Fire Chief Roy Browning with Central Emergency Services said that, at about noon on Monday, a dozen CES firefighters and a team from the Division of Forestry responded to a fire in the Echo Lake area that had also started in dry grass. The fire grew to about half and acre and threatened a motor home and a storage shed, Browning said, but was extinguished within about 30 minutes without any damage done.

Alaska’s fire season is just beginning, but Mowry said that wildland firefighting resources in Alaska are already stretched thin. Firefighters from Tok and Fairbanks were part of the crews responding to the fires that occurred in Southcentral Alaska this weekend. When it comes to larger fires, the state relies on flying in crews from across the Lower 48 for assistance. During last year’s busy fire season, Mowry said, more than 5,000 personnel were brought into Alaska, including firefighters, paramedics, information officers and incident commanders.

The Swan Lake Fire alone, which burned over 167,000 acres on the Kenai Peninsula last year, required more than 3,000 personnel to combat it, many of whom were from out of state.

In the context of the current COVID-19 pandemic, Mowry said that it is unlikely the state will be able to bring crews up here in the same volume to respond to large wildland fires. Anyone traveling into Alaska from outside the state is currently required to self-isolate for 14 days, according to Health Mandate 10. That means that any firefighters brought up here would be unable to do their job for two weeks. Mowry said that he and other forestry officials still have many unanswered questions about the logistics of fighting fires while also fighting a virus.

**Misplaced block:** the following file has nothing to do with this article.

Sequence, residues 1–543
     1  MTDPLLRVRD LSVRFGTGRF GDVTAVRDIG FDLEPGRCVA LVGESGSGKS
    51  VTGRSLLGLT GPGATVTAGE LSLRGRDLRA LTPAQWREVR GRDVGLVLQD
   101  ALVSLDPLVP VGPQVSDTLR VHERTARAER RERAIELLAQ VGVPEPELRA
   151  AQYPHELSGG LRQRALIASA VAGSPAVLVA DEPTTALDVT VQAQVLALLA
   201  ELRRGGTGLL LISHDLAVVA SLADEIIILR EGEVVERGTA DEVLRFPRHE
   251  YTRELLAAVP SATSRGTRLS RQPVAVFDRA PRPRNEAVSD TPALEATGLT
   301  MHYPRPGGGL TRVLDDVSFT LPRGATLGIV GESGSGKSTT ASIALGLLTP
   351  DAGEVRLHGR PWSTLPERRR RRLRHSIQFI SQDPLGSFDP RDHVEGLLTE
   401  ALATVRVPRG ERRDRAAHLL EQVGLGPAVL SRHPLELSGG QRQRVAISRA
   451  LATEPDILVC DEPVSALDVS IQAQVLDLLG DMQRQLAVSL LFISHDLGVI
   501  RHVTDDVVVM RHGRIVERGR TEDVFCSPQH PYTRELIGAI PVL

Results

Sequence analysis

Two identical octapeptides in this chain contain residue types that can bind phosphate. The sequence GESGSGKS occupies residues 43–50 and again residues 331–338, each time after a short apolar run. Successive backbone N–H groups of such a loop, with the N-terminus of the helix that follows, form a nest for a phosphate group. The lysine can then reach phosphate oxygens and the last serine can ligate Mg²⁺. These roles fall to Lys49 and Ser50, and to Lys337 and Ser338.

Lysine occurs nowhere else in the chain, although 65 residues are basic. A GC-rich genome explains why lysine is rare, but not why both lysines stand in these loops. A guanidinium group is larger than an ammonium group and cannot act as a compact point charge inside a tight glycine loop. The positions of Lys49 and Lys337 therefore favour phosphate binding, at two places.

“We are still trying to get information on the process that’s involved in bringing these people,” Mowry said. “Are they going to have to come up here and quarantine for 14 days? Are they going to be able to get tested? And if they test negative, will they be able to go out into the field? And then you mix in the fact that there’s state and federal agencies here. These different agencies have different protocols when it comes to bringing people up from the Lower 48. So that’s all still really a work in progress.”

Mowry said that the uncertainty surrounding the upcoming season is part of the reason the Division of Forestry indefinitely suspended issuing any burn permits. In Alaska, permits are normally required for things like burn barrels, debris burns and large fires. Between the scarcity of additional firefighting resources and the anticipation of another relatively dry summer, all fires are prohibited on state, private and municipal lands. Mowry said small fires such as camp fires that are used for cooking, warming or signaling are still allowed, as long as they do not exceed 3 feet in diameter and the flames are not more than 2 feet high. Outdoor cooking equipment like grills and heating devices with built-in open flame safety mechanisms are also allowed.